Back in January, as the Supreme Court was preparing for its most important abortion case in a generation, some four dozen social scientists submitted a brief explaining why they believed key portions of Texas law HB2 should be struck down. [ProPublica]

After more than a year-long investigation and an indictment by a Rowan County Grand Jury, the Rowan County Sheriff’s Department says they have shut down a potentially statewide pill operation. [The Morehead News]

President Obama on Wednesday vented his frustration over persistent tensions between law enforcement and minority communities following a nearly four-hour meeting with representatives from both groups. [The Hill]

The panel to screen police chief candidates has two finalists from a field of nine, and city commissioners will shortly receive information about them, Richmond City Manager Richard Thomas said Tuesday. [Richmond Register]

As he has prepared to be named the Republican nominee for president, Donald Trump has not read any biographies of presidents. Trump has no shortage of strong opinions even about books he has not read. [WaPo]

Four of the eight candidates vying for seats on the Ashland Board of City Commissioners spoke to potential voters Tuesday at Boyd County Republican Party headquarters. [Ashland Independent]

Remember Republican Brandon DUI Smith? Looks like the appeals court just choked one of his latest schemes with a biomass plant in Eastern Kentucky. Smith is another one who relies on Tres Watson’s spin but isn’t getting much of it this week due to the RNC Racist Circle You-Know-What. [WFPL]

A week after a secularist foundation warned public school officials against taking kids to the newly opened Noah’s Ark, the attraction’s creator offered a new incentive: $1 admission for every public school student on a school-sponsored field trip and free admission for their teachers. [H-L]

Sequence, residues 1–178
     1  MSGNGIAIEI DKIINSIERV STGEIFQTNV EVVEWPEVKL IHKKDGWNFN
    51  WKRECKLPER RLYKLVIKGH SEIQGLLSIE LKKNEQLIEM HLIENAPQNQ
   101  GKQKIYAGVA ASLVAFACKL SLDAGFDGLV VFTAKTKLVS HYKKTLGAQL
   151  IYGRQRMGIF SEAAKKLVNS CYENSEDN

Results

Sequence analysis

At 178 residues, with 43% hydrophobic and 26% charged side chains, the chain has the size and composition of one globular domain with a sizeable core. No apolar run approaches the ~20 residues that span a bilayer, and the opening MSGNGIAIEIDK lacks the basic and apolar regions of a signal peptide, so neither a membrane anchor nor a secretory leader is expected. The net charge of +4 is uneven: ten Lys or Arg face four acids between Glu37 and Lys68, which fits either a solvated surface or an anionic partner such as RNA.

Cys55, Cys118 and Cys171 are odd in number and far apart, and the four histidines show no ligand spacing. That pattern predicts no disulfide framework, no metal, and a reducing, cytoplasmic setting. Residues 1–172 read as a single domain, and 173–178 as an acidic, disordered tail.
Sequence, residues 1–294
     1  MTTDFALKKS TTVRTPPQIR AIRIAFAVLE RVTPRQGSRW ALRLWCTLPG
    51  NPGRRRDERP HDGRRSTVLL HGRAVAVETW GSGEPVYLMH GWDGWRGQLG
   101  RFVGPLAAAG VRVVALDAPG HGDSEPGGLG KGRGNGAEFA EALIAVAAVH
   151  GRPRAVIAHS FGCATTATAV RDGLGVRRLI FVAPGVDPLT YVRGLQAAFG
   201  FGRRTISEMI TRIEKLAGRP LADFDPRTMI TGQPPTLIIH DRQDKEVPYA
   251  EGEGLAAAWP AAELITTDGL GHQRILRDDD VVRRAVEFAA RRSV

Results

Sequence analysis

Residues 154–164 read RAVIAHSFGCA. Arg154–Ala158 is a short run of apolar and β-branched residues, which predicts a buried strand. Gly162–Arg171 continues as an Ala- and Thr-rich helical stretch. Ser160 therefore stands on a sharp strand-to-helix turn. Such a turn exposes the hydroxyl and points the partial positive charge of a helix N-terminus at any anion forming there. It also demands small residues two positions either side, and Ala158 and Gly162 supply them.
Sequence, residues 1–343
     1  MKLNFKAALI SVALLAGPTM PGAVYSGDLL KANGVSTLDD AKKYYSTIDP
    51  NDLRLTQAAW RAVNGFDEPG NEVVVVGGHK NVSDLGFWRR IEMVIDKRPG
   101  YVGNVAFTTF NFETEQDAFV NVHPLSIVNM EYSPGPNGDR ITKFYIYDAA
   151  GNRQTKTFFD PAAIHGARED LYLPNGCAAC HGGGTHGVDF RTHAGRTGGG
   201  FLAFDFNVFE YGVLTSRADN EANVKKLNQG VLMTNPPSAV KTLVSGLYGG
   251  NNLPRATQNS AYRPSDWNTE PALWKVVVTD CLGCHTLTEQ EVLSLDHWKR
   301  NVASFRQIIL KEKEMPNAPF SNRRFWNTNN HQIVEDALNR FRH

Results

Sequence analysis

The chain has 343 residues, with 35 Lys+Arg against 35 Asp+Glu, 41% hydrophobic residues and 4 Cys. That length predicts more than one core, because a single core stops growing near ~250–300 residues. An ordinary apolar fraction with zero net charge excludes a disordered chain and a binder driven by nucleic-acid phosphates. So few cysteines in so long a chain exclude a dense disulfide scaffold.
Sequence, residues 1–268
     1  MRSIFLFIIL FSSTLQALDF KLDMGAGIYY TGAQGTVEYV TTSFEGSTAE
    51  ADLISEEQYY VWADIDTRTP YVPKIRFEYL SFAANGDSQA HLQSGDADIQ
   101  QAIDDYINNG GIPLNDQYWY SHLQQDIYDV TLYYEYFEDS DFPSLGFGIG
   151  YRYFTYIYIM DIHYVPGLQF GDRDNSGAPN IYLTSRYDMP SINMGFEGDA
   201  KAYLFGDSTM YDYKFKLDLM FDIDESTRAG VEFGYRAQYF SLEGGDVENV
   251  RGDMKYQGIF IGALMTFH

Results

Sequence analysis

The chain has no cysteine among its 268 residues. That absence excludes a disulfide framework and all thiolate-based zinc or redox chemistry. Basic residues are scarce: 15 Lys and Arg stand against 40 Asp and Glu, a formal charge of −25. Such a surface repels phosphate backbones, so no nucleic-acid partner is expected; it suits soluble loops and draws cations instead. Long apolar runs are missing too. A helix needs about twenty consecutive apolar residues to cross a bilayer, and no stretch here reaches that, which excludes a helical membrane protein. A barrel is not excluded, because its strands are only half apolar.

Valarie Honeycutt Spears spent more time on this story about Rowan County being a hot mess of awful than she did on the entire three years of the Montgomery County nightmare. Bonus points: She relied heavily on commentary from Ed Massey, the guy who ditched Joshua Powell. And I told you Marvin Moore was a disaster. [More H-L]

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Everybody Has Donald Trump Regret

Students’ posting of a Black Lives Matter sign in Bryan Station High School fits with the Fayette County Public Schools’ values, officials said on Wednesday. [H-L]

As the saying goes, birds of a feather flock together. So it’s only fitting that within hours of being named Donald Trump’s vice presidential pick, Indiana Gov. Mike Pence (R) pulled one of his running mate’s favorite moves. [HuffPo]

What’s your risk of avoidable hospital death? Thousands of lives could be saved if more hospitals were as safe as those that received an A grade in a recent round of grading by a watchdog group that found no top scorers in Louisville. [C-J/AKN]

Centrist Democrats appear reluctant to join their party’s embrace of a public option for ObamaCare. [The Hill]

Kentucky Power Co. is moving its corporate headquarters back to Ashland after more than a decade in the capital city. [Ashland Independent]

Last week, two lawmakers introduced a bill to put new limits on what debt collectors can take from debtors’ paychecks and bank accounts. It is the first legislation to address the issue in decades and follows a series of ProPublica stories about the widespread practice of garnishment. [ProPublica]

A year later, Smith and his wife Serena, who was also deeply involved in Davis-support rallies, are working the “third shift” at Walmart. Smith said he quit his job last year in order to more fully devote himself to the cause of supporting Davis. [Richmond Register]

Connecticut Senator Chris Murphy (D) and Ohio Congresswoman Marcia Fudge (D) introduced a bill this week that aims to help public schools become more racially diverse by providing grants for school districts to create voluntary school desegregation plans. [ThinkProgress]

A brief hearing in Barren Circuit Court on Tuesday settled a scheduling conflict in the lawsuit Glasgow police Lt. Col. Guy Turcotte has against the city and James Duff, former interim chief. [Glasgow Daily Times]

The last year has shined a harsh light on two distressing realities of American life. Mass shootings are becoming more common. And more Americans are killing themselves. These disturbing trends share something in common, obvious in the first case and less so in the second: guns. [WaPo]

Officials in Gov. Matt Bevin’s administration did not directly answer whether they plan to notify users of a problem-plagued state benefits system that they should reapply for services such as Medicaid and food assistance. [WFPL]